THE Nigerian Export Promotion Council has said that the country’s earnings from non-oil exports dropped by N52.2billion ($261million) in the second quarter of this year.
The country’s non-oil export dipped to N78.2bn ($391m) in the second quarter of 2015 from N130.4bn ($652m) recorded in the second quarter of 2014, representing 39.25 per cent decrease.
The figures were disclosed in Abuja yesterday by the Executive Secretary of the Nigeria Export Promotion Council (NEPC), Mr. Olusegun Awolowo, during a courtesy call on the Council by the new Comptroller-General of the Nigerian Customs Service, Col. Hameed Ali (rtd).Awolowo attributed the slump in non-oil export revenue earning to the suspension of the Export Expansion Grant (EEG) and the insurgence in the North East. “The situation is compounded with the non payment of the Export Expansion Grant (EEG) and the insurgency in the North East which is the agricultural basket of the nation.
He said, “The nation is not only losing on the economic front, the lull in the non-oil export is also affecting the capacity of the manufacturing sector to employ, lamenting that in the period under review, the nation lost 50 per cent of its labour force.“The country has taken a dip of 60 per cent in oil revenue. For any country across the world, it is huge. However, the challenges we are having in the oil sector are also affecting the value of our non-oil export. One of the challenges is the continued rejection of products by foreign importers, which he noted was due to improper documentation by clearing and forwarding agents. Awolowo stated that an inquiry into some of the causes of products rejection revealed that most exporters ran foul of documentation rules adding that exporters employed the services of cheap agents who do hasty jobs for them.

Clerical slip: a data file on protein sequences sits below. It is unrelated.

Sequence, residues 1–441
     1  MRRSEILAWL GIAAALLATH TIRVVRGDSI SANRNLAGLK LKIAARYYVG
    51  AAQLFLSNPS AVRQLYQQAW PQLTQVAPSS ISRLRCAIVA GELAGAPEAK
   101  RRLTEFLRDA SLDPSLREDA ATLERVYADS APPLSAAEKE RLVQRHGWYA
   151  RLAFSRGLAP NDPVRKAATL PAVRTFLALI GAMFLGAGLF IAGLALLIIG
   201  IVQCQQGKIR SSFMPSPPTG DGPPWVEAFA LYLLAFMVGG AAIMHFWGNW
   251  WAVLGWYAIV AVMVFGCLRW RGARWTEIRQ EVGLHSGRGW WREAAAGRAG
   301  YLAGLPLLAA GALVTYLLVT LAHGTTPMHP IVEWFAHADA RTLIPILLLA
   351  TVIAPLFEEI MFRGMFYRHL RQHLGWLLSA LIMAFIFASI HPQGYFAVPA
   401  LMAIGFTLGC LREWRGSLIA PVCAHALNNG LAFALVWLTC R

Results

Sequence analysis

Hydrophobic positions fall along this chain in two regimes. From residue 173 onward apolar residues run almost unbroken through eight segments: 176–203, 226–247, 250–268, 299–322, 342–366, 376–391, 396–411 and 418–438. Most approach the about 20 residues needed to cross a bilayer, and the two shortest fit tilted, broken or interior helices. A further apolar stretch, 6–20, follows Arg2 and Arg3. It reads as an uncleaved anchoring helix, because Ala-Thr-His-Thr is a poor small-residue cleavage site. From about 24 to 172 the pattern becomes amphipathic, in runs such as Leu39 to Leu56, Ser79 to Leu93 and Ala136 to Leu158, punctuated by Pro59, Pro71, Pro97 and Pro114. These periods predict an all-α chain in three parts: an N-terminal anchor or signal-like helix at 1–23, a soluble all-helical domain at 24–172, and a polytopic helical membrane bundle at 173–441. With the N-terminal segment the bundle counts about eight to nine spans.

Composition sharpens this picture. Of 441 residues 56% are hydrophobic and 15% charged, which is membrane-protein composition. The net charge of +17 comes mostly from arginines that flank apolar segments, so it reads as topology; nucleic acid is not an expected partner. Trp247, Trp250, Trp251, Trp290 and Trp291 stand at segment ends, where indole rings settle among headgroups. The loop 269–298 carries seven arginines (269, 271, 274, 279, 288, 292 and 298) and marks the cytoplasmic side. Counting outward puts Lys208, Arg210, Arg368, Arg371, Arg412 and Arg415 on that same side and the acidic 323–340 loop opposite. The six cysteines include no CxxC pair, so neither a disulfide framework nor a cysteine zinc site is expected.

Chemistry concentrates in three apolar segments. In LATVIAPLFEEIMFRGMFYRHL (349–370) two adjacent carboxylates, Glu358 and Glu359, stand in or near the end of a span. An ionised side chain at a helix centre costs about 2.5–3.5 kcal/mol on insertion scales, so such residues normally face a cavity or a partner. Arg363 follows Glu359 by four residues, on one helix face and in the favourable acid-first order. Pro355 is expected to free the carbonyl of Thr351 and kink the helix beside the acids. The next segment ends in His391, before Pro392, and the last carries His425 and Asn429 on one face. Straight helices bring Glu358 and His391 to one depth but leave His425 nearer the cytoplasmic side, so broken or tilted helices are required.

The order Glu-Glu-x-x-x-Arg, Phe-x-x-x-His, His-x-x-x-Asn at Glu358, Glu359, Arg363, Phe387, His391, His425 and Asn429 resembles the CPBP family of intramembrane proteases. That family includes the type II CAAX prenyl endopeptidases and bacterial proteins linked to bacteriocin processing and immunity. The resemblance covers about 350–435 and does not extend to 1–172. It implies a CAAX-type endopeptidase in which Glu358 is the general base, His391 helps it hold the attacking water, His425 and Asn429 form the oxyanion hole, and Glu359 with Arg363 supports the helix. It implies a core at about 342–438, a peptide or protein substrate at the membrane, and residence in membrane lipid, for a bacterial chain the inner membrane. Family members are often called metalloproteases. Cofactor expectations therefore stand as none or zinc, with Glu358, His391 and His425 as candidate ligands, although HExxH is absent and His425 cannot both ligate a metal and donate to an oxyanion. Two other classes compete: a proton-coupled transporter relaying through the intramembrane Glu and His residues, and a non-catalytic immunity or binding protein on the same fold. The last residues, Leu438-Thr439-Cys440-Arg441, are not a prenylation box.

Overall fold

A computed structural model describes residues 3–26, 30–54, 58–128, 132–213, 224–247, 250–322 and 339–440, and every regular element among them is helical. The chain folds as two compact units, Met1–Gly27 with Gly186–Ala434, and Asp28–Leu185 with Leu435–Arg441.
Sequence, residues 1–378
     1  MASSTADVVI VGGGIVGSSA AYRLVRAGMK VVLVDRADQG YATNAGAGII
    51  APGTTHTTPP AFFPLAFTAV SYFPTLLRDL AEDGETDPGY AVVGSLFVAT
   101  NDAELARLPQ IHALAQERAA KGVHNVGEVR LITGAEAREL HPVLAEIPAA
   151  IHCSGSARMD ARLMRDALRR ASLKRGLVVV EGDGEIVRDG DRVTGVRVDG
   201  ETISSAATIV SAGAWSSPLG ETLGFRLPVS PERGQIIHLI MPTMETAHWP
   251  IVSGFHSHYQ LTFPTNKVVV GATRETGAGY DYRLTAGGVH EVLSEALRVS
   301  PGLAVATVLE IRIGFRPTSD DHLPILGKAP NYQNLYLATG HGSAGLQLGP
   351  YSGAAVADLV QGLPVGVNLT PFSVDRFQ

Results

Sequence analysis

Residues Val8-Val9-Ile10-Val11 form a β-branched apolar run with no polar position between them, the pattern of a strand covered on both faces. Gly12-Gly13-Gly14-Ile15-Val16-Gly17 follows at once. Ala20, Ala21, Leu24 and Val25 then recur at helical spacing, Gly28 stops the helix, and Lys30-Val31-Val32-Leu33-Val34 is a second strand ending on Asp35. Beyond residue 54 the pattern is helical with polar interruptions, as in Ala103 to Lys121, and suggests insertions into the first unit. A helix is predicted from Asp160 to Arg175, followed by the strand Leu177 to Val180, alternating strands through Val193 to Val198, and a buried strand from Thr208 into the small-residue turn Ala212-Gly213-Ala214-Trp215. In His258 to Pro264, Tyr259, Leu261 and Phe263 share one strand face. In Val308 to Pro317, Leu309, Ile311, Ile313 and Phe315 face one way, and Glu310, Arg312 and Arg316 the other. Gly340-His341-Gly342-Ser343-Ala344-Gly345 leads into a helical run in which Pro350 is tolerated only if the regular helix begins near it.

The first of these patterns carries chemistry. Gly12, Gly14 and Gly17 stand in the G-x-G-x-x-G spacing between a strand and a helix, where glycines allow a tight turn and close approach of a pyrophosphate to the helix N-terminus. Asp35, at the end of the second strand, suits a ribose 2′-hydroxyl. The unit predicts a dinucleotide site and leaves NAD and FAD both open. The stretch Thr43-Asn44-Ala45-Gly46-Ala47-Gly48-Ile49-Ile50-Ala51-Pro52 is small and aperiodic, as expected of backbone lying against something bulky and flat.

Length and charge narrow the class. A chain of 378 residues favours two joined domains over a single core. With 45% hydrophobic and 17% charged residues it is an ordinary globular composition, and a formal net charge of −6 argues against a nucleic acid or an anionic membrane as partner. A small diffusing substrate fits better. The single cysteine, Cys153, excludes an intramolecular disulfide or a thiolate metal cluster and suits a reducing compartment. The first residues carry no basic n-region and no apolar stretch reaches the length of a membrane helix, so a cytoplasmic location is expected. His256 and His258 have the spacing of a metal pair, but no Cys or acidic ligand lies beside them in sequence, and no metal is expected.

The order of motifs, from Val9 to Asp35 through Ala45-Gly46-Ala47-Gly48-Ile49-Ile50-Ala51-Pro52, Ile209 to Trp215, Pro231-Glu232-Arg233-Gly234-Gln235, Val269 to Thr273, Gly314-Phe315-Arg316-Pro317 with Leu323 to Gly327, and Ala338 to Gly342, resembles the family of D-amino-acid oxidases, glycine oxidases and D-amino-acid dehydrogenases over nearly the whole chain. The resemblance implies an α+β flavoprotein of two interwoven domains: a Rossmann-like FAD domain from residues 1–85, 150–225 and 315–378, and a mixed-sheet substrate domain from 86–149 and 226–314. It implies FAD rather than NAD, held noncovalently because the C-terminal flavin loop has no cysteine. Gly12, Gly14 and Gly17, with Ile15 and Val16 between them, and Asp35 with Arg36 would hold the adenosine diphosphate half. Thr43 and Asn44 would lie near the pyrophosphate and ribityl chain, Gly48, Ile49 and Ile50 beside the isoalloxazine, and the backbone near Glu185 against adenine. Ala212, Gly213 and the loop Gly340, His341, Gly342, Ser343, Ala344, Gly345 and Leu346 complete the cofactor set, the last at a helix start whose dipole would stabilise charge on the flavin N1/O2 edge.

Services of cheap agents
On what the Federal Government is doing to put an end to rejection of products from Nigeria, the NEPC boss noted that an inter-agency committee was working to ensure zero rejection by 2016.
“In a bid to unearth the reasons behind the rejection of our export products in Europe, we went to London with seven agencies of government. We visited the largest Port where Nigeria and other West African countries’ goods pass through. To our utter disgust and amazement, many of the rejects were based on improper documentation. They route some of the goods through fraudulent clearing and forwarding agents. We have to work with the Customs service to address this. When we have an export portal, people can track their exports.
In his response, the Comptroller-General of the Nigerian Customs Service (NCS), Col. Hameed Ali, assured the NEPC of the Service’s support in removing all impediments to export trade. On the EEG which was meant to boost the nation’s exports but was suspension by the past administration due to alleged abuse of it, Ali said that Ministerial committee set up by the past administration would submit its findings to President Mohammadu Buhari for necessary action as soon as the Ministers get to work.